The replay showed the nightmare of all receivers -- Jackie Smith dropping an easy touchdown pass in the end zone. From where Lynn Swann stood, close to the top of the world, the moment called not for sympathy but for gloating.
"Oh, baby," he said, "fellow ain't got what hereoes are made of."
Swann clearly does. Once again in the Super Bowl he ran the most dangerous routes and grabbed the important passes -- and got the benefit of the doubt on the interference call that led to the game-breaking touchdown against the Dallas Cowboys.
In Dallas, Swann will be known as the Pittsburgh Stealer, whose deeds seemed to include a subtle shove that put cornerback Benny Barnes in such position he could hardly avoid the trip that field judge Fred Swearingen called.
Swann was unusually vocal immediately after the 35-31 victory, reminding everyone he had coaxed the Steelers two weeks ago to use the play that produced their first and last touchdowns today.
He fumbled candor after questions about the collision with Barnes, saying: "I'll have to look at the films to see if the official made a great call or a mistake, but he (Barnes) tripped me twice.
"And if Benny doesn't get to me, I catch it. And I'm gone."
"And impartial witness is not quite sure where to begin in praise of Swann. All Terry Bradshaw used in winning honors as most valuable player were his arm and his mind (he seemed to outwit the entire Cowboy brain trust at times).
And if the voting was not unanimous, it should have been.
But Swann was as well rounded as any player in any game will ever be. Afterward, he was to be found with an unfamiliar item tucked, football-style, under his right arm. It was an enormous bottle of champagne and he broke past some oversized reporters to reach Steeler President Dan Rooney.
"I know it's against the rules for these things to be opened," he said, clutching the cork. "But I can't help myself."
"Go ahead," Rooney whispered. "You can be spontaneous."
And he was, explaining not long before popping the top that he bought the 4 1/2-fifth bottle just before the team left Pittsburgh for here this week. Give him yet another versatility mark -- for anticipation.
"We honestly felt we could score," he said. "Tom Landry didn't think we could. He said three touchdowns would beat us.(Safeties) Cliff Harris and Charlie Waters said I'd pay the price.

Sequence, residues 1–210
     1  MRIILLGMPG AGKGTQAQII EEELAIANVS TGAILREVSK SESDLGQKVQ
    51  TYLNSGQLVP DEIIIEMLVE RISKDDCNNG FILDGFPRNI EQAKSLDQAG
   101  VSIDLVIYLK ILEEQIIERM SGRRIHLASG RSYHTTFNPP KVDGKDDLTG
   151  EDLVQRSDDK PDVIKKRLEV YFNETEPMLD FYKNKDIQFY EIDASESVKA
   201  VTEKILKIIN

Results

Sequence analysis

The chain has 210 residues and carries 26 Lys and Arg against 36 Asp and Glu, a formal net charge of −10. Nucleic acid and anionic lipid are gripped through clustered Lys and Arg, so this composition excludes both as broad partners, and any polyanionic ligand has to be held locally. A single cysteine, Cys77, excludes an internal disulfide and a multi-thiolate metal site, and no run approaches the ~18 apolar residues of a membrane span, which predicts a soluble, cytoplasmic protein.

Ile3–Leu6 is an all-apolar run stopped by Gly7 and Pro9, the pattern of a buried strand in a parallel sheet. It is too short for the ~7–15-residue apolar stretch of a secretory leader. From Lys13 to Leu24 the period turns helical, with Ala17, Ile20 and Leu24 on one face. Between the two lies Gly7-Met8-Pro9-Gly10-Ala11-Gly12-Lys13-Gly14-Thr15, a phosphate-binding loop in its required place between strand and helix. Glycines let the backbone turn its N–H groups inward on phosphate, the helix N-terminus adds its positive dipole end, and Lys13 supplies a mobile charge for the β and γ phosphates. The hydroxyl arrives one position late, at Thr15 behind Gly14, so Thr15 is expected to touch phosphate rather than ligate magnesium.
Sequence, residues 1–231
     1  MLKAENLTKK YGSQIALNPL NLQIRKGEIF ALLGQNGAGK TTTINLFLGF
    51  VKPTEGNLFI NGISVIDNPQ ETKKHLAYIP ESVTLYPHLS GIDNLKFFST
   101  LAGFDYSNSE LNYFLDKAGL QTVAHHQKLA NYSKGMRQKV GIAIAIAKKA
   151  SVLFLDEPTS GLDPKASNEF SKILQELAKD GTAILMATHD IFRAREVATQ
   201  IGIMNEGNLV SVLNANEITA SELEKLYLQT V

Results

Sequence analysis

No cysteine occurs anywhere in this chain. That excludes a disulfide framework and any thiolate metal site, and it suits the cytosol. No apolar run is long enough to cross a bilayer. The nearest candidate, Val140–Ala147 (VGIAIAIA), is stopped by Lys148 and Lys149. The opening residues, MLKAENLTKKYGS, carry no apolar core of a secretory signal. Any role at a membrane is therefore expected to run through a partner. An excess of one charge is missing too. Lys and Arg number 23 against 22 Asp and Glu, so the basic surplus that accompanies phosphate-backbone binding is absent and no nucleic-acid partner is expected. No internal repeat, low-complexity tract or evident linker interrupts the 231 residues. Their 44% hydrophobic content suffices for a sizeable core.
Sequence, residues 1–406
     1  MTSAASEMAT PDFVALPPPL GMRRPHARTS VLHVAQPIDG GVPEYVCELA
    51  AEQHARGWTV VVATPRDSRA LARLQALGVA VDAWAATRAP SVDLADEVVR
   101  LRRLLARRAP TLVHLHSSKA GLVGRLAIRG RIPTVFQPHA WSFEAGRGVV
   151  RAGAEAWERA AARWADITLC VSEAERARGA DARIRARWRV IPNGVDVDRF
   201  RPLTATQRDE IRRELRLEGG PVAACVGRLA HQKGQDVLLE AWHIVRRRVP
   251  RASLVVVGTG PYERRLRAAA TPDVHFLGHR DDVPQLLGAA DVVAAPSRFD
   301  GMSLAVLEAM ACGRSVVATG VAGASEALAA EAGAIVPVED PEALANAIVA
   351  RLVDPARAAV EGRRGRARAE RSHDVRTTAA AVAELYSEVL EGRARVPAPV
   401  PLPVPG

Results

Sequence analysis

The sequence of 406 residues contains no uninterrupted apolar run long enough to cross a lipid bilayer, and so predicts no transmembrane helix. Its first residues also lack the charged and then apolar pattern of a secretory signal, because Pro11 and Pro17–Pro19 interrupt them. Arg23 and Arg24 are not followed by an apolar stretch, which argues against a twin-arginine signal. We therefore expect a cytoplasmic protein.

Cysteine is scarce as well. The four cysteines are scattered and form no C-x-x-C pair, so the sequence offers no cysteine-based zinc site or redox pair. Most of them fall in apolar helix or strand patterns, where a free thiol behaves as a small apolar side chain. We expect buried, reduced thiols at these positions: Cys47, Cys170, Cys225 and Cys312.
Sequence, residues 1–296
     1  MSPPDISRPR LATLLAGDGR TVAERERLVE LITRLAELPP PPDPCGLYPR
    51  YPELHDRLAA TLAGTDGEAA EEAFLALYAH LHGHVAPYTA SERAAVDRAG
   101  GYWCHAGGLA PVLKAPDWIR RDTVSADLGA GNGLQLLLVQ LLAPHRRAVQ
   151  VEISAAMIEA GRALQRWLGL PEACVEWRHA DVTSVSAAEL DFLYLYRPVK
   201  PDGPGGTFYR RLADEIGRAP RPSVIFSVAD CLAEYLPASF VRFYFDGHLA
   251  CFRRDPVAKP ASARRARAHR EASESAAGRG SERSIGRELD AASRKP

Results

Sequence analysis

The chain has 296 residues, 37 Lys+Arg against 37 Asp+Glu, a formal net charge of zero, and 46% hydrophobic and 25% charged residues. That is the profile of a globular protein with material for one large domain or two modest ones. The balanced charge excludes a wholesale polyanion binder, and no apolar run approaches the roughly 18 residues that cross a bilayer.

"Harris gave me his best shot, when I didn't have the ball. But Cliff Harris was closest to me when I caught the winning touchdown pass." Swann has the soft features one expects from a virtuoso, an acrobat who glops enough stickum on himself to be called a glue-fingered receiver, literally. So those harsh words that leap from his lips cause mild surprise, until one recalls the sort of recklessness required to make his catches.
The enduring memory of the '76 Super Bowl is Swann draped over Dallas cornerback Mark Washington, the two a mass of arms and legs and Swann somehow controlling the ball as both topple toward the ground -- and holding it.
He caught four passes for 161 yards during that 21-17 victory, including the 64-yarder for the winning touchdown. So when he suggests a play, such as 1-10-I-Takeoff, Coach Chuck Noll listens.
Two weeks ago, I guess it was, I told them about it and we put it in," he said. "I'd noticed their corners come up close every so often, to cut off the inside move. So what John (Stallworth) and I did on our touchdown catches was fake inside, pivot and shoot outside and up the field.
"We're past the cornerback right away -- and we're open before the safety can get to us. My catch was a slight variation, because I was covered a bit to the outside.
"Itm sure Cliff expected me to go under (in front of) him. But like Cliff says, I hate to get hit. So I went by him and had me a touchdown."
As he watched that replay of poor Smith, so foolish and frustrated in the end zone, Swann could not resist saying: "The players on our team are money players. You give us the opportunity to make that catch and 10 out of 10 times we will."
For that matter, old Cardinal Smith and most other pro receivers will make that catch 100 out of 100 times. But when the pressure is most intense the Smiths and Barneses and Washingtons of the NFL end with their fists beating the turf and the Swanns and Bradshaws float into the dressing room clutching game balls.
"It was the greatest game we've ever played," Swann said. But it took the longest time to become official. From 35-17, Dallas scored and recovered an onside kick.
Along the sideline, a Steeler official said to Franco Harris: "This isn't funny anymore."
It got tense when Dallas scored again with 22 seconds left. And testy.
"Get me Hammer," Noll snapped, referring to middle linebacker Jack Lambert. "I want Hammer."
Battered, Hammer was trotting off the field toward Noll at that very moment and he said: "You want me?"
"What happened?" Noll said.
Lambert gave his coach a frosty, silent stare and walked past him. A moment later, Rocky Bleier clutched another onside kick to his chest and love vibes caught the Steelers again. A Swann song.